Roxanne Harley, left, Leah Kari and Peg Peterson are the widows in Live Theatre Workshop's "The Cemetery Club," a comedy about life and death.


"The Cemetery Club" has lived long past its time.

The 1990 comedy is a mix of "Golden Girls" with less depth and "Steel Magnolias" with less wit. The play flopped on Broadway; the movie flopped around the country.

Still, Live Theatre Workshop took it on, and while this isn't a good play, the Sheldon Metz-directed production isn't bad.

That's largely due to a cast that threw itself into this comedy with death and a bit of living at its center - three Jewish widows, longtime friends, meet monthly to visit their husbands' graves.

Doris (Peg Peterson) loves those graveside chats with her husband and can't imagine a full life without him. Lucille (Roxanne Harley) is a lusty broad who escaped a miserable life when her philandering husband died, leaving her with a big hunk of insecurity.

Ida (Leah Kari) is sweet and willing to consider there is more to life than hanging at her dead husband's grave.

You can see the laughs coming, right? Jokes about aging, a woman desperate for a man, bathroom habits of the geriatric set.

But there's also heart to this play, and it is especially found in Doris, who can't seem to get past her husband's death, tends to his headstone with intensity and has a gentle spirit about her. Peterson, with a voice like honey and a knack for acting with a deep truth, made this character a touching one.

Harley was a hoot as the flirtatious, mink-loving Lucille. The one obligatory drunk scene with the three women is given an especially funny turn by Harley.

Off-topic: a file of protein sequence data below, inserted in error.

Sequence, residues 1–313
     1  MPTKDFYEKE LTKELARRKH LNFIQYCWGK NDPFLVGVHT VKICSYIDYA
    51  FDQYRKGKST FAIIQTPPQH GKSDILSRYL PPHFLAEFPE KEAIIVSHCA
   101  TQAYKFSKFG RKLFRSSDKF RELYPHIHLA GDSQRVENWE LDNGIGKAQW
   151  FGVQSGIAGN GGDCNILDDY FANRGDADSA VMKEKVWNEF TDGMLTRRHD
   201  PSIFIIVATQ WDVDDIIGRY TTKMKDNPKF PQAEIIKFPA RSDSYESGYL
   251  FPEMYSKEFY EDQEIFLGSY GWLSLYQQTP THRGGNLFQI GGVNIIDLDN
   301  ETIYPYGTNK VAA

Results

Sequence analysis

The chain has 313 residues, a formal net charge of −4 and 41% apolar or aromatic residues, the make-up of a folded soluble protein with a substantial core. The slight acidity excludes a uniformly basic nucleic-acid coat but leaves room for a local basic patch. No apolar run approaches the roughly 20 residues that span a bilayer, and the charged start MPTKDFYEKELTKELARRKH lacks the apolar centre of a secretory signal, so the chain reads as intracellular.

Kari has a tendency to act her subtext, so we see much that should be on the inside on the outside. But there's a sweetness to this character, and there were moments, when Kari wasn't trying too hard, that that came through.

Michael Woodson played the butcher Sam, a widower with a clumsy but touching interest in Ida. Woodson gave him shape and nuance. Renata Rauschen, in a small role as the clingy, man-hunting Mildred, hit all the right notes.

"The Cemetery Club" could be a bit of a tear-jerker, but there didn't seem to be any damp eyes at Saturday's sold-out audience. Metz admits to loving warm and fuzzy, but that comes across best when the emotions aren't pushed by the cast.

But really, the greatest blame lies with the playwright, Ivan Menchell. The characters are one-dimensional and predictable. Sure there are laughs. But sometimes that just isn't enough.

If you go

• What: Live Theatre Workshop's production of "The Cemetery Club."

• By: Ivan Menchell.

• Director: Sheldon Metz.

• When: 7:30 p.m. Fridays and Saturdays and 3 p.m. Sundays through April 2; additional 3 p.m. performance Saturday, April 27.

• Where: Live Theatre Workshop, 5317 E. Speedway.

• Tickets: $18, discounts available.

• Reservations, information: 327-4242.

• Running time: 2 hours, with one intermission.